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Diabetes Care: Managing Your Time When You Have Diabetes

Diabetes care can be time-consuming. Here are some tips to help you keep up.
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WebMD Feature

Sometimes, living with diabetes can seem like a full-time job -- trying to keep up with everything you need to do for proper diabetes care.

"Diabetes is a very time-consuming disease to manage well," says Karmeen Kulkarni, MS, RD, CDE, and former president of health care and education for the American Diabetes Association. "The medication, the food, the physical activity -- you add life in general to that whole picture and it ends up being quite challenging."

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Time-Saving Diabetes Care Tips

Kulkarni and other experts shared these tips with WebMD to help you get organized and manage your time while keeping up with all your diabetes care duties.

  • Use a datebook, Palm Pilot, or other scheduling system to write in times for important diabetes care tasks, such as checking your blood sugar, taking medications, exercising, and doctor's appointments.
  • Reinforce your diabetes care schedule by putting up sticky notes or other messages as reminders. "The more reminders around the home or office, the better," Kulkarni says.
  • Keep all your medications, needles, test strips and other supplies in one place in your home. That way, you won't waste time looking for things. And you'll see at a glance which supplies are running low. Don't wait until the last minute to get new supplies.
  • Take a diabetes care "travel kit" whenever you leave the house, not just when you're on vacation. Pack the kit with all of your medical supplies, snacks, and water. Don't forget to include glucose tablets or hard candy in case you have low blood sugar. "Whenever you leave home, you could be caught in a situation where your blood sugar drops, and you're in an emergency situation," says Pamela J. Kelly, a Chicago consultant who has counseled people with diabetes on managing their time.

If you're struggling to manage your diabetes, find a care partner, such as a spouse or friend. "People with diabetes a lot of times will get very sad or depressed. Either they're not managing their diabetes at all, or they're having a tough time because it's a constant struggle," Kelly says. A care partner can help. "They'll understand your situation, your medication, any other diseases you have," Kelly says. "They'll understand what to look for and how to help you."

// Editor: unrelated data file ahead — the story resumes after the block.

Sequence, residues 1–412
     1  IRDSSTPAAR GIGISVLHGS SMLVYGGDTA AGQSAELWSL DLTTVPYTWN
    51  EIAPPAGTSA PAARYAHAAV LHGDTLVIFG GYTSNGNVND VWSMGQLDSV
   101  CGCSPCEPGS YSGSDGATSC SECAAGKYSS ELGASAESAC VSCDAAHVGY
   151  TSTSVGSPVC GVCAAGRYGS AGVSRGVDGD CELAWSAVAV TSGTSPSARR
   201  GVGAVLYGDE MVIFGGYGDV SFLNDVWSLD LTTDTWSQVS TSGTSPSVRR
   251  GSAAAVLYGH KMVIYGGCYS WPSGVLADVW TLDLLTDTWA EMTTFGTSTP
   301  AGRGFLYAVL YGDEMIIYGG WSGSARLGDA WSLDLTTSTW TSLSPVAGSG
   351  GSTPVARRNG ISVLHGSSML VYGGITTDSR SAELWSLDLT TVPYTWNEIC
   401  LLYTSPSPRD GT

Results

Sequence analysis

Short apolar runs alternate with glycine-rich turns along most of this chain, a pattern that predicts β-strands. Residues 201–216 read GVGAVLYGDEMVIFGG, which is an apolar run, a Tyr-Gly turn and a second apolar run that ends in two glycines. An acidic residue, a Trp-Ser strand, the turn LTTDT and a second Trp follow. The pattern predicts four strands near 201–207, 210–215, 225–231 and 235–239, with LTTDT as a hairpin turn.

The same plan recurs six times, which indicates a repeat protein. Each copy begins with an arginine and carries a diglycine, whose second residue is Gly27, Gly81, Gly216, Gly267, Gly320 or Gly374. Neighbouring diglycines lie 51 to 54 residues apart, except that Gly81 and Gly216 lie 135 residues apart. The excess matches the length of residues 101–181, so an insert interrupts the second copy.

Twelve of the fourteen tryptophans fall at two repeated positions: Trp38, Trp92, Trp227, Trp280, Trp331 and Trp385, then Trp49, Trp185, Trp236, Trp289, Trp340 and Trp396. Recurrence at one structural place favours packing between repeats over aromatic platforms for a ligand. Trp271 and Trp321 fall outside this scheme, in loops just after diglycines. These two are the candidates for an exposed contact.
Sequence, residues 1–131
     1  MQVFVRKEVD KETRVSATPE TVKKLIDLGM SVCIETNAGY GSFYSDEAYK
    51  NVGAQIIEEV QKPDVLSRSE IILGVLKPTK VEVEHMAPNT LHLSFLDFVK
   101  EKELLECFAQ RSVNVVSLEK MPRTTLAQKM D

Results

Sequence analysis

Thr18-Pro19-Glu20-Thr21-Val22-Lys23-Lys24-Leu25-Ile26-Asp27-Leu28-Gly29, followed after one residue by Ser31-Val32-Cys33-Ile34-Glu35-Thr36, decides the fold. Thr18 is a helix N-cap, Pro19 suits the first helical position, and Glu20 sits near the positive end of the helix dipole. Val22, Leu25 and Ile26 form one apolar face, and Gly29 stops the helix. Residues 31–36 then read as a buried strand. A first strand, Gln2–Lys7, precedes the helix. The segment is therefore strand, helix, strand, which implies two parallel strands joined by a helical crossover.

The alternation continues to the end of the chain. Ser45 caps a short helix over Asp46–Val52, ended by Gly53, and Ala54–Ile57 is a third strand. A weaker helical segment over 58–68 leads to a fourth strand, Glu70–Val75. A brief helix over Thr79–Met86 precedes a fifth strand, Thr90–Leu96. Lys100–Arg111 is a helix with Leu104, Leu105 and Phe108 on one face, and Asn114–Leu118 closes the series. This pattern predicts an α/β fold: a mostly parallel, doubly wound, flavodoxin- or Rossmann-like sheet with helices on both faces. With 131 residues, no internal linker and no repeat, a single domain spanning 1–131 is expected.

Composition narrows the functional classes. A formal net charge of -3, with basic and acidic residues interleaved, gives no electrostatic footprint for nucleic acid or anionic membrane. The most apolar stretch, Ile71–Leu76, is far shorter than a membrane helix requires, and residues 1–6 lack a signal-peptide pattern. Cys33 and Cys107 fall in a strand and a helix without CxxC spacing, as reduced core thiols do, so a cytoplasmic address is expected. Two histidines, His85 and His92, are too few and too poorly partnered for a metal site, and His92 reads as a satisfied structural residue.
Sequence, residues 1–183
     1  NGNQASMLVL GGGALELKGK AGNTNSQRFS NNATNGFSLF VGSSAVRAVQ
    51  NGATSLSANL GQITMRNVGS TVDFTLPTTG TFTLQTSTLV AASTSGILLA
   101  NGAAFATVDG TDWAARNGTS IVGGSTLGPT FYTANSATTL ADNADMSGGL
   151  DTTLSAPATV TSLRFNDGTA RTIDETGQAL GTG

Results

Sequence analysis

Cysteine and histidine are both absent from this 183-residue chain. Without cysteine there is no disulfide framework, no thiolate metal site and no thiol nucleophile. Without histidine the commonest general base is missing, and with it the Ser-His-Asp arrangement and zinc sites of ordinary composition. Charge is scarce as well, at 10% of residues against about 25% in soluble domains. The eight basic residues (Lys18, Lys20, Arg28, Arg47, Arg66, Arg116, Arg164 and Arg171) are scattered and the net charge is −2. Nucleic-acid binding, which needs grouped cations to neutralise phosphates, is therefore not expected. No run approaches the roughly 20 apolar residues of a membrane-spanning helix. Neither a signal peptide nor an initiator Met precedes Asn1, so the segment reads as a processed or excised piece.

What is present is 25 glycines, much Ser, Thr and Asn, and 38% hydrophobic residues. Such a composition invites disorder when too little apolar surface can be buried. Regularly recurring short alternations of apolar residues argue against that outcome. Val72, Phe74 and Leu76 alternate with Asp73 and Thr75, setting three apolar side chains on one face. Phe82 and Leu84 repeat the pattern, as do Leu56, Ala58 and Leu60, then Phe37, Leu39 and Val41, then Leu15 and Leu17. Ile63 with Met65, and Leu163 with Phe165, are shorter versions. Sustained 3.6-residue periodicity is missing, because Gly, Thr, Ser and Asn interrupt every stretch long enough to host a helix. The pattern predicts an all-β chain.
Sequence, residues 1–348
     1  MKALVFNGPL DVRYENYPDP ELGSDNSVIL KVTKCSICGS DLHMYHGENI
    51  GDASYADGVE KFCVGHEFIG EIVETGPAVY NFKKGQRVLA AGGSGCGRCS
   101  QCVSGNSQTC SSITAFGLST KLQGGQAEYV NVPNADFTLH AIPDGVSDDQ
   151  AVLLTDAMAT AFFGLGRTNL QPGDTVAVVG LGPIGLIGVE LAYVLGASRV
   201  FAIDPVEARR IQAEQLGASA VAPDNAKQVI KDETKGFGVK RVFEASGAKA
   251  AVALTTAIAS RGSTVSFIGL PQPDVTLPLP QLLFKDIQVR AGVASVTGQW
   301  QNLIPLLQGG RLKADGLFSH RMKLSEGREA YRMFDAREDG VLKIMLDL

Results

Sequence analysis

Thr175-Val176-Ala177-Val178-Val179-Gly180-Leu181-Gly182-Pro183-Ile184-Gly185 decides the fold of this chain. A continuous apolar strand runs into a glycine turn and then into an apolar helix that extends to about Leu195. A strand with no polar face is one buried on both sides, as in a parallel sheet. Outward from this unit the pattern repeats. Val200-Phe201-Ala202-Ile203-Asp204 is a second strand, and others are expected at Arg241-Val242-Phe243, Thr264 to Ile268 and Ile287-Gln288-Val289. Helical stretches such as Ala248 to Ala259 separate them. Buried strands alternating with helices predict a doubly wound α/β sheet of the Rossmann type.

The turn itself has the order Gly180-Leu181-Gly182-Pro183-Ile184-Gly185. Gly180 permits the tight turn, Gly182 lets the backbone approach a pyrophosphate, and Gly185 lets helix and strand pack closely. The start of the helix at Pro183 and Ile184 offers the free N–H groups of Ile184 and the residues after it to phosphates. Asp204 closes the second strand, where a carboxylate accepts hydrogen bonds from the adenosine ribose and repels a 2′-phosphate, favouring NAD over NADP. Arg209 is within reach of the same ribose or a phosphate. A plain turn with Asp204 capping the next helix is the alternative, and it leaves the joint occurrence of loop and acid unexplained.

Doctors' Visits

These days, doctors' visits can be quick, 15-minute sessions. The key to getting the most from your appointment: plan ahead.

  • Write a list of questions and concerns before your visit so you don't forget anything important. Do you have any new symptoms? Have you had trouble with low blood sugar? Do you have questions about foods or medications? Be your own advocate. "You shouldn't take for granted that your provider's going to cover anything," says Andrea Zaldivar, MS, C-ANP, CDE, clinical director at North General Diagnostic and Treatment Center.
  • Bring all of your medications in a bag for your doctor to review. Include your diabetes drugs and those for other health conditions.
  • When you talk with your doctor, mention your top concerns first. Don't save them for last, or you may not have time to address them adequately.
  • Write down what your doctor says so that you can remember the instructions. Or bring a friend or relative to help take notes.

Is This Normal? Get the Facts Fast!

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Normal
70-130
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If the level is below 70 or you are experiencing symptoms such as shaking, sweating or difficulty thinking, you will need to raise the number immediately. A quick solution is to eat a few pieces of hard candy or 1 tablespoon of sugar or honey. Recheck your numbers again in 15 minutes to see if the number has gone up. If not, repeat the steps above or call your doctor.

People who experience hypoglycemia several times in a week should call their health care provider. It's important to monitor your levels each day so you can make sure your numbers are within the range. If you are pregnant always consult with your health care provider.

Congratulations on taking steps to manage your health.

However, it's important to continue to track your numbers so that you can make lifestyle changes if needed. If you are pregnant always consult with your physician.

Your level is high if this reading was taken before eating. Aim for 70-130 before meals and less than 180 two hours after meals.

Even if your number is high, it's not too late for you to take control of your health and lower your blood sugar.

One of the first steps is to monitor your levels each day. If you are pregnant always consult with your physician.

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